Monday, April 7, 2014


This is an article from Business Line ePaper appeared on 25th April, 2014 (page 14)

Please click on the following link to read :

Tejinder Narang

India produces about 23 million tons (mts) of maize annually, consumes 19 mts and exports 4 mts.  Average yield is 2.5-ton/ hectare.  Our production, consumption and export of maize/corn are under careful watch internationally by other competing origin (USA, Brazil, Argentina, Ukraine) because India’s export intensity can scale up competitively in coming few years to nearby destinations of Far East and Middle East.  It will be the Indian David that will be competing with Goliaths of world corn trade. USA is more concerned as its share in world corn trade has declined from 63% in 2000 to 36% n 2014 as other nations have boosted their output.

Indian Agro exports have crossed $45 billion this year from about $20 billion in 2009-10. Rupee depreciation has also helped this attainment. A Crisil report of 11th March 2014 states “Agriculture growth picked up to 3.6% per year during the 10 fiscals from 2005 to 2014, from 2.9% 10 years prior to 2005 and compared to sub-1% in the 10 fiscals ending 2004. Agricultural investment, fertilizer-use intensity and credit growth stand out as three factors that improved markedly in the past 10 fiscals and boosted agricultural growth”.  This statistical narration of upward trajectory can be corroborated by expansion in rice output in eastern India, higher wheat production in MP, Gujarat and Bihar, cotton revolution and Bihar’s contribution to maize output.

Domestic demand vs. export

In the recent “Maize 14” conference of FICCI/NCDEX at New Delhi on 20th / 21st March 2014 Indian speakers were hopeful that with present tempo of growth maize production will double to 40-45mts in next five years by combination of higher yield (4-5tons/hectare) and preferably, without significantly enlarging the acreage. ( USA’s yield is maximum  10 tons/hectare while Latin American range is 5-6 tons / hectare but all of GMO variety).  Indian export surplus would be 7-8 mts. They also stressed for increasing consumption of corn through greater intake of eggs/chickens, salads, makki- ki- roti etc. for realizing elevated values in supply chain.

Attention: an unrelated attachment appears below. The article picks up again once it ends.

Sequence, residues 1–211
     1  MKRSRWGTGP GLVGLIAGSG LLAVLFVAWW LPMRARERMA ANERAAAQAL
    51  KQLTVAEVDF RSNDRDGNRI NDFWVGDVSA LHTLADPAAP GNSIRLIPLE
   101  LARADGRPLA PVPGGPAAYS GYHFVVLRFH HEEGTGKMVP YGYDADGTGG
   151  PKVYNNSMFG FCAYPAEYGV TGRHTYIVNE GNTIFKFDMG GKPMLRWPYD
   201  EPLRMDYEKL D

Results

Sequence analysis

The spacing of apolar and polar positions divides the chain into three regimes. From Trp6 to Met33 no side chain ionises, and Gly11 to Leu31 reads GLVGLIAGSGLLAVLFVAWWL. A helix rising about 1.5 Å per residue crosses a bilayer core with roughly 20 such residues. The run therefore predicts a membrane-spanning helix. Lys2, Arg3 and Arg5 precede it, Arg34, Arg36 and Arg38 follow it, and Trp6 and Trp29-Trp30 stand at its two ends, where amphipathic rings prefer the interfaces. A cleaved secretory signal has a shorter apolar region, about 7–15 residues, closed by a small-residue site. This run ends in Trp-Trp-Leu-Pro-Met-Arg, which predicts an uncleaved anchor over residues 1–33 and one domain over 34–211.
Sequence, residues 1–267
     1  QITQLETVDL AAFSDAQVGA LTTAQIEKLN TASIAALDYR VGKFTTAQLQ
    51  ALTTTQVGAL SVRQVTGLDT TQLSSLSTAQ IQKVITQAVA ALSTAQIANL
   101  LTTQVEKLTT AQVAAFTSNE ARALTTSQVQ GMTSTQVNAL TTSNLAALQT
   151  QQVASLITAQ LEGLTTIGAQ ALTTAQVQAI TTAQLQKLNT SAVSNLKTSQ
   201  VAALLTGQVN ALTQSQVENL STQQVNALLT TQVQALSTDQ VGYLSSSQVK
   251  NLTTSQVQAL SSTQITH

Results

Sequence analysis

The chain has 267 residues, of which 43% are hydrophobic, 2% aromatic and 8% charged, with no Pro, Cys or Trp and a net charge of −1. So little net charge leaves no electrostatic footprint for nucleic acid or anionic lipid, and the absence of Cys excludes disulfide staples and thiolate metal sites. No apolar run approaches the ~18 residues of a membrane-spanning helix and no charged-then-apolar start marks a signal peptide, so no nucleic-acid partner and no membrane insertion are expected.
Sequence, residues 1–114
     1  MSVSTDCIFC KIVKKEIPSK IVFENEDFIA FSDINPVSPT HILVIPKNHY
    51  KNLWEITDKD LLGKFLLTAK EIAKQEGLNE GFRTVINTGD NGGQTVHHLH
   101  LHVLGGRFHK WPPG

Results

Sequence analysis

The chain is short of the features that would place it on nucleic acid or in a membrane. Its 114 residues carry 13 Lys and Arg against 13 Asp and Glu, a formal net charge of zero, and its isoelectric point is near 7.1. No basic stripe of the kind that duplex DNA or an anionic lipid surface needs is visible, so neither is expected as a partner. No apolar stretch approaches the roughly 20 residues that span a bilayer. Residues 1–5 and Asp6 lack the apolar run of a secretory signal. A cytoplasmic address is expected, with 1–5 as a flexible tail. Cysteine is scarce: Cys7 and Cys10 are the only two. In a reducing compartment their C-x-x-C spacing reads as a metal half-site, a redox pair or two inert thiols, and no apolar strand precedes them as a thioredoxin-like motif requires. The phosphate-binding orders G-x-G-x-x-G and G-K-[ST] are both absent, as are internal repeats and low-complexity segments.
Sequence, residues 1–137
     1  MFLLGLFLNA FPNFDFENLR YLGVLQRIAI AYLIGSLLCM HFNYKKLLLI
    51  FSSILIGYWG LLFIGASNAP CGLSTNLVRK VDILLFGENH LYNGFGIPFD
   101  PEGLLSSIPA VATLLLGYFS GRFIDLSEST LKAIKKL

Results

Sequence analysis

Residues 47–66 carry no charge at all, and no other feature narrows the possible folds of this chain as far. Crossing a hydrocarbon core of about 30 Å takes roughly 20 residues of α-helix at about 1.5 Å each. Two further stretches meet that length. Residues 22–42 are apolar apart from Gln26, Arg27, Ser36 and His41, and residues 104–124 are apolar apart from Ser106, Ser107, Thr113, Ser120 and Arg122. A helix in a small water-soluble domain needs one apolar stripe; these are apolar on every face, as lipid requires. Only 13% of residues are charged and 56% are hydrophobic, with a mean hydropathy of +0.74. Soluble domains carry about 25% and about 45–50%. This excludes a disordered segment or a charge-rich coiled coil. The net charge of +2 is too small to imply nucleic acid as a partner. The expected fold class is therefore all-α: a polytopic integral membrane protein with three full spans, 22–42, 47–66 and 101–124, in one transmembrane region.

Foreign delegates referred to declining usage/expenditure on gasoline in USA implying lower ethanol consumption, thereby leading to softening in corn prices. (In USA 33% corn out of total production of 353 mts is used for ethanol.)  USA’s shale gas will also reduce prices of crude oil.  Lower international energy values also mean lower corn prices. USA is simultaneously strategizing shipments through shorter sea voyage channels for economizing freight to neutralize advantage that India enjoys geographically in Far-East/ Mid-East /South Asia etc.  

Thus India will be competing at bottom line values with  USA, Brazil, Argentina, and Ukraine who respectively produce and exports about 353 mts (export 42 mts), 70 mts (exports 21mts) and 24mts (exports 13mts), 30mts (exports14mts). In short, the indirect message of foreign speakers was that India should step up its domestic usage if it wants to attain higher maize production instead of relying on exports. In bearish scenario India may also have to discount for quality too because of unhygienic storage practices in Andhra Pradesh, Karnataka, and Bihar etc.

Demand for feed

Despite India’s growing prosperity of middle class, traditional demographic propensity is for vegetarian diet.   Doubling maize demand as feed ingredient in short span may not be possible.  Should the production increase, Indian domestic prices will be resilient to adapt to the changing world’s scenario.

Freely marketable

Maize trade is market centric with nil intervention from Government. Minimum Support Price of this coarse cereal generally remains a paper price and only in rare cases and years, FCI procures not more than half a million ton.  Even the inclusion of maize /coarse grain in Food Security Act is thus of little relevance.  

Export is completely free from any quotas/ registration procedure. Prices are fairly transparent in spot and future markets. Traders can trade as per their perceptions. India based MNCs can also hedge exposure both in India and through their parent counterpart abroad. No doubt, India has to expedite building up safe storage/handling capacities for ensuring quality premium on grains.

In this shackle-less environment which trade adores, additional export of about 3-4 mts (total 7-8 mts) of maize in world market of 115-120mts is realizable in the short term whatever be the demand-supply matrix of major competing nations even though India lacks economies of scale at this point of time. 


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